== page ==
Thomas Jefferson Papers

Caesar A. Rodney to Thomas Jefferson, 10 July 1822

From Caesar A. Rodney

Wilmington July 10th 1822.

Honored, Revered & Dear Sir,

It is with deep regret I have observed a malevolent attempt, to disturb the repose of your old age, by obtruding on the tranquility of your retirement, with an attack as unfounded & untrue, as it is unjust & ungenerous. Such is the fell Hydra of party, that all its heads cannot be rendered inoffensive, tho’ they may be harmless. In this instance (as in all others) you have obtained a complete triumph over the calumniator who subscribes himself A native Virginian. With the exception of two newspapers printed out of this State, & a contemptible one published1 here, said to be owned by one of a family indebted to your liberality, for the continuance of his father in the office of Collector, all the papers of the U. States, have with one voice espoused your cause. A just tribute paid to exalted worth & virtue.

There is one point of veiw, however, in which I have not yet seen the subject placed, & which appears to me in a legal or mercantile light, to be conclusive to shew, that no money could have been received by you, for the Bill drawn in favor of Le Grand, at Paris. He was not at Cowes to give the money to you for the draft, nor could you have received it from any third person, for the Bill was payable to Le Grand, & not to any other individual. If you had however procured the money for it, you must have made it payable to the person from whom you received the cash, & who in the ordinary course of business would have been paid by the bill in his favor when he got the money for it himself. But the simple fact, that it was drawn in favor of an absent man, who was not present to give you the cash for it, not merely negatives the idea that any money was received by you at the time, the Bill was drawn; but proves conclusively that none could have been received, from the very nature of the transaction.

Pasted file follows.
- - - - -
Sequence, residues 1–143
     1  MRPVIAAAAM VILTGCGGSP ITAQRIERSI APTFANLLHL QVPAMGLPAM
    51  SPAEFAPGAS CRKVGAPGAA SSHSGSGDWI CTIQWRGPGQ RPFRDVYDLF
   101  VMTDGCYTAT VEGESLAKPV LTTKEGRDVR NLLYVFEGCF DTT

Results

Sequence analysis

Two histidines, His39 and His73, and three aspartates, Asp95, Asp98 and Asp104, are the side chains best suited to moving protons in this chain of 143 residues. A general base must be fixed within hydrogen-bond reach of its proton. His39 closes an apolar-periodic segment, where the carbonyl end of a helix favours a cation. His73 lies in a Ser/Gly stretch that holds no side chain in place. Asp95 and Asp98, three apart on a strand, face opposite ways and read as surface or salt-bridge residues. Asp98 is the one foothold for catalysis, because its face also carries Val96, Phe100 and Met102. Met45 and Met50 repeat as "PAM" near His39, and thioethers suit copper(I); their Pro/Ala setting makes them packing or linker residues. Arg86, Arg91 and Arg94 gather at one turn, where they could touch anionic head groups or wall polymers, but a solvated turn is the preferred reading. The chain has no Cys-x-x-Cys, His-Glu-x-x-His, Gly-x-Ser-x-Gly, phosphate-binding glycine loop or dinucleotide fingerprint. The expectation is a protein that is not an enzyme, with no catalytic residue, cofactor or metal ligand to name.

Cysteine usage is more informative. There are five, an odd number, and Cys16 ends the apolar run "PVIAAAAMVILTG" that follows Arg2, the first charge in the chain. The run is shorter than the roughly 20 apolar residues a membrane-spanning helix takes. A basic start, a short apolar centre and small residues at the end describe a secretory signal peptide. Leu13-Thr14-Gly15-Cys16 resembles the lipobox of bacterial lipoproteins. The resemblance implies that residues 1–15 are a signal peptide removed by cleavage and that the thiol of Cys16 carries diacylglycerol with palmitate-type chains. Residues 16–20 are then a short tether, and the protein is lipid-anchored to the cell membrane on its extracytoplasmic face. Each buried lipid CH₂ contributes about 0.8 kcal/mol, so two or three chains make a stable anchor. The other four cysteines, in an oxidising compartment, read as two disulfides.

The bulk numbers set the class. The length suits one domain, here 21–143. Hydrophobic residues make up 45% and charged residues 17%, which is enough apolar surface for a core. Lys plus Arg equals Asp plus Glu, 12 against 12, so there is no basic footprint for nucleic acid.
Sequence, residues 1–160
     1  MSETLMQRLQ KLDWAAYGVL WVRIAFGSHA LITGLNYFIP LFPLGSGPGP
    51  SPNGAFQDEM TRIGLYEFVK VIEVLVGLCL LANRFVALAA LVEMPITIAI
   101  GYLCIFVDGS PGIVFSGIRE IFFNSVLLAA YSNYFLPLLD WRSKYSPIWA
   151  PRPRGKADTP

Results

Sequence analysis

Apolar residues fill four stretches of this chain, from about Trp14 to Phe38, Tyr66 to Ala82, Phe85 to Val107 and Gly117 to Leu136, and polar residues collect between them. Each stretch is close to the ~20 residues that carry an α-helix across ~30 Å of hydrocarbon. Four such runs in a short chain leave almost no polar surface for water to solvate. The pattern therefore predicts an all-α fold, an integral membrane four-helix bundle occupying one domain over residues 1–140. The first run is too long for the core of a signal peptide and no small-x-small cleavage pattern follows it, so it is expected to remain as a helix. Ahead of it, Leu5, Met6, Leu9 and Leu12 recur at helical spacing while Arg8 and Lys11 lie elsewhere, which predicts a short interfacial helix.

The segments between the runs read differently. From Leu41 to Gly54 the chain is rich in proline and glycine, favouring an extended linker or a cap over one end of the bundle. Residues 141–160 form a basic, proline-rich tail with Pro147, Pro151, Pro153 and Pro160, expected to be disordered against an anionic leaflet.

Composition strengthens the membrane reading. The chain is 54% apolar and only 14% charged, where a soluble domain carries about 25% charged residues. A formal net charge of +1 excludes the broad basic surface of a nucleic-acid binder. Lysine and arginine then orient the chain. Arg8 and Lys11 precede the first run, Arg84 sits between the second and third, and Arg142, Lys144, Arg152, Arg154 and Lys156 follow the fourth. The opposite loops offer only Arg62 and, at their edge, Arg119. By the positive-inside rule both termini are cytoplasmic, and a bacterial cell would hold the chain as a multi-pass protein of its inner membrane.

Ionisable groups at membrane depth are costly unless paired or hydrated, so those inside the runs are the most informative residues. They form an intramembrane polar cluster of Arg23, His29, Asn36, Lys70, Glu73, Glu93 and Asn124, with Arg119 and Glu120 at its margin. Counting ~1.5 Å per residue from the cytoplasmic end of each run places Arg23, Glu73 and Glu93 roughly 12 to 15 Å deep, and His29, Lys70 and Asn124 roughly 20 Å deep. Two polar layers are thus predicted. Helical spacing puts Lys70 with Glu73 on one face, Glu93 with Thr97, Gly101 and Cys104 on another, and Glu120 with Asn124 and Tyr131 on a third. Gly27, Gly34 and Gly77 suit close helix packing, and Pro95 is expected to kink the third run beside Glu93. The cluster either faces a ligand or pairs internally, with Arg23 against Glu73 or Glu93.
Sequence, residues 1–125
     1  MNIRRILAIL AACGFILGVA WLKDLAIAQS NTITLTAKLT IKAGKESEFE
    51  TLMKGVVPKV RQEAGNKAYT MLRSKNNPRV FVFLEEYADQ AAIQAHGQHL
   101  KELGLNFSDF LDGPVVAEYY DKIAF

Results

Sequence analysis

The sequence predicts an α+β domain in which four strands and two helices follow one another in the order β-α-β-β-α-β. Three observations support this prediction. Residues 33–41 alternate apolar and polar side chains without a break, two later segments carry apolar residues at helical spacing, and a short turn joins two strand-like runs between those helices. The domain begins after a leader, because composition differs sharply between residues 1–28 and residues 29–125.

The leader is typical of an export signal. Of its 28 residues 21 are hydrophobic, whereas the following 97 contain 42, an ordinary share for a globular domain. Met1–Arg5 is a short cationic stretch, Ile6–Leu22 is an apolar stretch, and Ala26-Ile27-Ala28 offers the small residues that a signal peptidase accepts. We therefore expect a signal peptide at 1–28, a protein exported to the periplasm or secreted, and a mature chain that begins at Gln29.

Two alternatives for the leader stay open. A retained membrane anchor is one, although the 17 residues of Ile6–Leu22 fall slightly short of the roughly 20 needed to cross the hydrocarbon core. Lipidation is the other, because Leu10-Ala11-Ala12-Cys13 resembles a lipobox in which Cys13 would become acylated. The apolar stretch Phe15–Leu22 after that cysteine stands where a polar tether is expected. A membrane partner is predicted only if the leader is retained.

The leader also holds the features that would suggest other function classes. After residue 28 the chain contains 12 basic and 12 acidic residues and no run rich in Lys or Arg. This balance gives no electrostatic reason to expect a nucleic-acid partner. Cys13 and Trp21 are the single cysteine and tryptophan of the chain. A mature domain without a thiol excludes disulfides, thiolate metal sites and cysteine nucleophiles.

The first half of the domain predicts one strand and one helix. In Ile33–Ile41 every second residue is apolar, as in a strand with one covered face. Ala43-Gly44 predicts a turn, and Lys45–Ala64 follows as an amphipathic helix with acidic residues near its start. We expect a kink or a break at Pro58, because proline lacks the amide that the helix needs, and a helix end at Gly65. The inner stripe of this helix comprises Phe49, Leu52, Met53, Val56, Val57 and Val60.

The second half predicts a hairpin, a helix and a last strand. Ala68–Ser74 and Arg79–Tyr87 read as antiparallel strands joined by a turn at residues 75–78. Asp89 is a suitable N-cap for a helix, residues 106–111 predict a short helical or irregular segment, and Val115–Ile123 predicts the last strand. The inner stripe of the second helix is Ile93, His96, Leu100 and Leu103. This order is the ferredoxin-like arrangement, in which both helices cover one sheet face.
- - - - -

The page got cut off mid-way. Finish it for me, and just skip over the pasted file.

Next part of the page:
I was about to notice this circumstance in our Republican paper; but I considered the slander as amply refuted & put at rest already. Please to remember me particularly to Mr & Mrs Randolph, & to beleive me with every sentiment of respect affection & gratitude.

Yours Most Sincerely & Truly

C. A. Rodney

RC (DLC); endorsed by TJ as received 17 (reworked from 18) July 1822 and so recorded in SJL.

The contemptible Wilmington Delaware Gazette was a Federalist newspaper owned from 1820 to 1830 by Samuel Harker (Brigham, American Newspapers description begins Clarence S. Brigham, History and Bibliography of American Newspapers, 1690–1820, 1947, 2 vols. description ends , 1:82). Allen McLane, a Federalist and Revolutionary War veteran, served as customs collector for the Delaware district and revenue inspector at the port of Wilmington, 1797–1829 (PTJ description begins Julian P. Boyd, Charles T. Cullen, John Catanzariti, Barbara B. Oberg, James P. McClure, and others, eds., The Papers of Thomas Jefferson, 1950– , 45 vols. description ends , 36:393n; JEP description begins Journal of the Executive Proceedings of the Senate of the United States description ends , 1:228, 4:11, 17 [27 Feb. 1797, 10, 11 Mar. 1829]).

le grand: Ferdinand Grand of the Parisian firm Grand & Compagnie. our republican paper: the Wilmington American Watchman and Delaware Advertiser.

1Manuscript: “pubished.”

Index Entries

  • American Watchman and Delaware Advertiser (Wilmington, Del., newspaper) search
  • Delaware Gazette (Wilmington, Del., newspaper) search
  • Grand, Ferdinand; as banker search
  • Harker, Samuel search
  • McLane, Allen; as Wilmington, Del., customs collector search
  • newspapers; WilmingtonAmerican Watchman and Delaware Advertiser search
  • newspapers; WilmingtonDelaware Gazette search
  • Randolph, Martha Jefferson (Patsy; TJ’s daughter; Thomas Mann Randolph’s wife); greetings sent to search
  • Randolph, Thomas Mann (1768–1828) (TJ’s son-in-law; Martha Jefferson Randolph’s husband); greetings sent to search
  • Rodney, Caesar Augustus; defends TJ search
  • Rodney, Caesar Augustus; letters from search
  • “A Native of Virginia” (pseudonym); accuses TJ of misuse of public funds search
  • “A Native of Virginia” (pseudonym); opposition to in U.S. newspapers search